SNP members Annette Ireland and Caroline Bamforth urged councillors to declare an emergency in a motion which recognised ongoing work in East Renfrewshire but called for plans to be accelerated.
They were backed by their SNP colleagues, Labour and an independent councillor, who passed the motion by eight votes to three.
However, Conservative councillors, while praising the work of council officers, said declaring an emergency was “a little ineffectual”.
And Councillor Stewart Miller, a former Conservative politician, now independent, abstained.
Councillor Miller, who chairs the council’s audit and scrutiny committee, which recommended renewing a climate change strategy and action plan, said the motion was a “kick in the teeth” for staff in the environment department.
The motion called for a Climate Change Partnership Group to bring together councillors, residents, young citizens and businesses to work on reducing their carbon footprint.
It asked council staff to look into funding options for the “necessary actions” needed to combat the crisis, and for climate change impact assessments for all policies to “assist towards reaching the goal of zero emissions”.
Councilllor Ireland said: “The leaders of more than 100 countries from around the world will gather in Glasgow, the outcome of the summit will shape the future of the planet that we live on.
“Local authorities have the responsibility to lead on the climate change agenda, and it is extremely important that the council declares today that we support taking action to combat this emergency.”
Conservative councillor Gordon Wallace attempted to replace the whole motion with an amendment, which stated: “In the face of the challenging faces of a pandemic, this council recognises and supports the efforts made by council officers to ensure East Renfrewshire Council plays its part in the global fight against climate change.”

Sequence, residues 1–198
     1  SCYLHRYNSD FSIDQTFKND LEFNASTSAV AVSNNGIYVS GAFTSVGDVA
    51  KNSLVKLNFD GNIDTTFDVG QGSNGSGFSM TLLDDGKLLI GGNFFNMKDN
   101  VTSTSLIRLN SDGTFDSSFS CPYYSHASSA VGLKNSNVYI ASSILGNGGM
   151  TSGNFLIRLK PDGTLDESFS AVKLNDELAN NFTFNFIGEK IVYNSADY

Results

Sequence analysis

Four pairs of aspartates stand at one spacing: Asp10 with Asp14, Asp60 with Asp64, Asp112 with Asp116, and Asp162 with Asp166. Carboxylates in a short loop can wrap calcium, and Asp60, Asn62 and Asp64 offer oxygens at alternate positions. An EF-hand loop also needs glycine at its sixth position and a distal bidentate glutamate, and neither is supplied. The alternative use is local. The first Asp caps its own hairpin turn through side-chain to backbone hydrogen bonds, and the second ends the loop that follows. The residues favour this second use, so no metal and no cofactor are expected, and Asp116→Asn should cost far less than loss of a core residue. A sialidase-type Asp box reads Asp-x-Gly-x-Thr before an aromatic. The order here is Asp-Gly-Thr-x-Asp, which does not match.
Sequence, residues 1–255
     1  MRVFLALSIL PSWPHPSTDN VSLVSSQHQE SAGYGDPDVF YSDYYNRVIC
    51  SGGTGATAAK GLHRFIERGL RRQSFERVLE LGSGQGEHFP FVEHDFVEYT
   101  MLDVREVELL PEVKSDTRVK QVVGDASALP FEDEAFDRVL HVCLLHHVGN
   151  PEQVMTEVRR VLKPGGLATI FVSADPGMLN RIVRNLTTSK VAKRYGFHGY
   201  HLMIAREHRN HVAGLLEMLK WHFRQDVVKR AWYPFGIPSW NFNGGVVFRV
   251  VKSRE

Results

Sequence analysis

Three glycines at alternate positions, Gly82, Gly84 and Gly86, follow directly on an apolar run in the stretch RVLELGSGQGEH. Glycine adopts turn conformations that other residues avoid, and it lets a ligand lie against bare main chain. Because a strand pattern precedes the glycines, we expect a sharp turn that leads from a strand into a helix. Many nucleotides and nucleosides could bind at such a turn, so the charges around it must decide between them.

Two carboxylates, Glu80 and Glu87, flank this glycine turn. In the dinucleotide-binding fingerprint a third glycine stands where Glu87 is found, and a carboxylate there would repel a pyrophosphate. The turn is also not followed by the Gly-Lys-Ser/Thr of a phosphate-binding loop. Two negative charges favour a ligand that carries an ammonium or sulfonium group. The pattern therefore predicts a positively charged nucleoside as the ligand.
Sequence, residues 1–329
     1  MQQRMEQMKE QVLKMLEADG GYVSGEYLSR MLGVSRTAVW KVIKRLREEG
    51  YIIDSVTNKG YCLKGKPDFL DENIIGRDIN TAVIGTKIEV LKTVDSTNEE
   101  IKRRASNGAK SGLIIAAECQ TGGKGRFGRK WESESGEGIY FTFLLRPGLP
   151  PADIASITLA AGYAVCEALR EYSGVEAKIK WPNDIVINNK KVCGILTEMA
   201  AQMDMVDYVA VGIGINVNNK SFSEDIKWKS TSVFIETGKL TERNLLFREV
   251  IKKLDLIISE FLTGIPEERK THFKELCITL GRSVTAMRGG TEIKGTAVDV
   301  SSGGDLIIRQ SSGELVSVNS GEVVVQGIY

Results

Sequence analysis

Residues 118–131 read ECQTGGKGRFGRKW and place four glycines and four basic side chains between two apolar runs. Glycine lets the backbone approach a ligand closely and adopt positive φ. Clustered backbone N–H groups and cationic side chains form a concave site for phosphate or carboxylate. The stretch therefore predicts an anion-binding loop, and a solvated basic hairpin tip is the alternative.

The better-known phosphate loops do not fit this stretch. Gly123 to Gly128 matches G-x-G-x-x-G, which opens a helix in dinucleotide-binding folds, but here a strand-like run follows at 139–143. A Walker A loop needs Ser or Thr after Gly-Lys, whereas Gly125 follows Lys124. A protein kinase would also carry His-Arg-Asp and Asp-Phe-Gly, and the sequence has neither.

He said: “For East Renfrewshire Council to declare a climate emergency in the same week that 120 or so world leaders are arriving on our doorstep to attend the COP26 climate summit to discuss the measures required to address the very emergency they are declaring does appear a little ineffectual.
“Somewhat closing the stable door after the horse has well and truly bolted.”
And Councillor Miller said he was “extremely disappointed” with the motion, which was a “slap in the face” for all residents who recycle and a “kick in the teeth” for the staff of the environment department.
He said the council staff “are doing as much as they can given the resources this administration gives them.”
“Given that the cabinet has already accepted the audit and scrutiny committee report, this motion is merely political posturing.”
Council leader Tony Buchanan, SNP, said he was “astonished” by some of the discussion: “It has not been put in as being political, it is there to highlight a very real issue which impacts on us all.”
Councillor Ireland added she had been a “little bit upset” at what she had heard, having hoped to get cross-party support: “I was trying to make it as non-political as possible, this affects us all.
“I would say that the motion here is to accelerate plans, I’m not belittling those previous plans that have been made.”